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If somebody asked me about Star Wars I would say isn't that the movie with Debbie Reynolds' daughter that they copied from the Kurosawa movie?

 

 

But it was a youth phenomenon just like Harry Potter. The national and local news would always cover the openings of these movies and you'd see lines and lines at movie theaters in major cities all over the world.

 

I thought that was nice seeing that young people had something safe and harmless to do.

 

But I never missed the Star Trek movies-- I even watched the one that Spock directed.

 

"Darn-it Shatner, I'm an outer-space Vulcan, not a Hollywood director."

You could always get into a fight trying to get in to see Star Wars.

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Yes. It was a throwback to those sci-fi adventure serials of the past - but updated with first rate production values. The 70's was a pretty unique decade in film - a lot of troubling, disturbing content. Quite a serious decade.

 

The public was certainly ready for that.

 

 

But it was a youth phenomenon just like Harry Potter. The national and local news would always cover the openings of these movies and you'd see lines and lines at movie theaters in major cities all over the world.

 

I thought that was nice seeing that young people had something safe and harmless to do.

 

But I never missed the Star Trek movies-- I even watched the one that Spock directed.

 

"Darn-it Shatner, I'm an outer-space Vulcan, not a Hollywood director."

 

 

 

 

STAR WARS is just an average movie, really. What has made it "legend" is the waves of fans creating a cult favorite out of it. The story is a simple basic western/adventure type serial set in SPACE-with special effects - similar to the Greek classic Ray Harryhousen films of the time. It was new retro.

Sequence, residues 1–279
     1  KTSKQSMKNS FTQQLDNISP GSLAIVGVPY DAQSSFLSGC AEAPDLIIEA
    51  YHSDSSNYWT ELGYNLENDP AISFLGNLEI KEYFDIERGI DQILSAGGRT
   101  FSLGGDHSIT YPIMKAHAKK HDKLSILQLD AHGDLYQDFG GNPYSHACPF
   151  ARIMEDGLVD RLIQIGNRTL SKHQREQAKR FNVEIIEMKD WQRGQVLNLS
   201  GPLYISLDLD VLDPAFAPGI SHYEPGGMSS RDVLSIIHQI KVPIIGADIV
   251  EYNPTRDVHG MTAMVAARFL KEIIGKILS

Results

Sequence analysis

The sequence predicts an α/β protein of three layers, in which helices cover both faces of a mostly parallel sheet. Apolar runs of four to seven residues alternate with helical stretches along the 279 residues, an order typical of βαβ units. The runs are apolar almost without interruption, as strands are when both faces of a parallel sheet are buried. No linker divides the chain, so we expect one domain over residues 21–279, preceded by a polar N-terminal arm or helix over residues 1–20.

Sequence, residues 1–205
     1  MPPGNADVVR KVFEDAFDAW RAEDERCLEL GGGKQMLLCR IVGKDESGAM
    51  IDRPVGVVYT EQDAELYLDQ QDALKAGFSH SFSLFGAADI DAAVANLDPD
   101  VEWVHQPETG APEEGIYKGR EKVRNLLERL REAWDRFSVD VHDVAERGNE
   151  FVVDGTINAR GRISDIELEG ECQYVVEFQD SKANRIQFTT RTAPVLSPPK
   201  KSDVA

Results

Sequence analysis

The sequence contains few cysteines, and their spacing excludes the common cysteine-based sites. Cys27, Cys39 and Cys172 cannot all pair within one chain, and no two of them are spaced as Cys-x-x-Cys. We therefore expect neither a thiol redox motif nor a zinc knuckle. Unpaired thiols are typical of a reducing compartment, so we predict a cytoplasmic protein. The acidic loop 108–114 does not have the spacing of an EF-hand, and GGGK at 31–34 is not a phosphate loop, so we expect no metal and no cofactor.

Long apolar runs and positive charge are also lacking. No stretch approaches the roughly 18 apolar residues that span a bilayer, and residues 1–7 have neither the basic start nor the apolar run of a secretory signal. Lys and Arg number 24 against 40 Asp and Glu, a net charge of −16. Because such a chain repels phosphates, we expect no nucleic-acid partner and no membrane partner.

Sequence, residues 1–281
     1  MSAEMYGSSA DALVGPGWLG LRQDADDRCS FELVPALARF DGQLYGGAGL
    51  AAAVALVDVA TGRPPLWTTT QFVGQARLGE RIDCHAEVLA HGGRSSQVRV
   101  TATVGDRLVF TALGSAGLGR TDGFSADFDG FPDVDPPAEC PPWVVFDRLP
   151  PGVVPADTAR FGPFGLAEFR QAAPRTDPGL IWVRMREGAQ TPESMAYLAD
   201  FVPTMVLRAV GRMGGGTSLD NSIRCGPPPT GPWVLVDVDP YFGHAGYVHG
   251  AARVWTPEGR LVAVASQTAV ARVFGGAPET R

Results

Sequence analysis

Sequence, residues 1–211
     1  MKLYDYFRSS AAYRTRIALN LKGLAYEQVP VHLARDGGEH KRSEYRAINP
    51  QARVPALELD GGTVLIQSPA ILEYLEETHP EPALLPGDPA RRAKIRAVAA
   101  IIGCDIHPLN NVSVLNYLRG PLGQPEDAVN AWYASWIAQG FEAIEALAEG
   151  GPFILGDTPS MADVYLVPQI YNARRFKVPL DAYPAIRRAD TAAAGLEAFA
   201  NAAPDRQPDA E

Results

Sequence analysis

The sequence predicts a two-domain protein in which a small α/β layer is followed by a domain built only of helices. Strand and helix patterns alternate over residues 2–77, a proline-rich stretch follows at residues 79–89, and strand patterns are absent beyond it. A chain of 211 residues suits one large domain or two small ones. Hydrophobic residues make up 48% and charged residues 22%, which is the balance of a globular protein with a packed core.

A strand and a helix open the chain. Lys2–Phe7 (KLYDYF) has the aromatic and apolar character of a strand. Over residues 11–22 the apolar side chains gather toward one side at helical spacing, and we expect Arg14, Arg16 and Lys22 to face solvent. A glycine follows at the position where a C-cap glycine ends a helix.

I was 16 that summer, and it was fun going to the theater to see a movie that got people whooping & hollering like the old classic movies. That's all people want, to just enjoy a story on film. Hollywood just doesn't "get" that these days....

 

Star Wars has to be taken in context. In the early 70's, TV was dominant with the Norman Lear sit coms, tv movies, police series etc... The movie studios were having troubles. That's one reason the black action films were so numerous in those days. They were the only films making any money. It was said that Shaft (1971) was the only profitable film MGM released that year, for example. 

 

Jaws, Star Wars, Close Encounters of the Third Kind were ground breaking for special effects that hadn't really advanced since the 50's. It was something you could not get on television. Also, it was the beginning of one ticket, one viewing at the theaters. Because with lines around the block (which I waited in), people were willing to pay the price to see the new technology. Those films really were able to fill up the big screen. 

 

The fact that the plots weren't A+, not everyone is going to the theater to see King Lear or Mildred Pierce every time. Sometimes you just want popcorn, junior mints and some action. 

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The first few shows of "Mama's Family" were OK, but without Carol's "Eunice" it lacked it's full vibe.

 

The most APT description of any TV show was the one they always gave SEINFELD----

 

"A show about nothing".  Sho 'nuff!

 

Nothing funny...

 

Nothing worth the time.....

 

Nothing to see THERE.

 

 

Sepiatone

 

Ok, I've been diligently reading this thread from its beginning, resisting the urge to reply to a number of opinions I disagree with.  (I have this idea that I should read all of a thread before commenting on it.)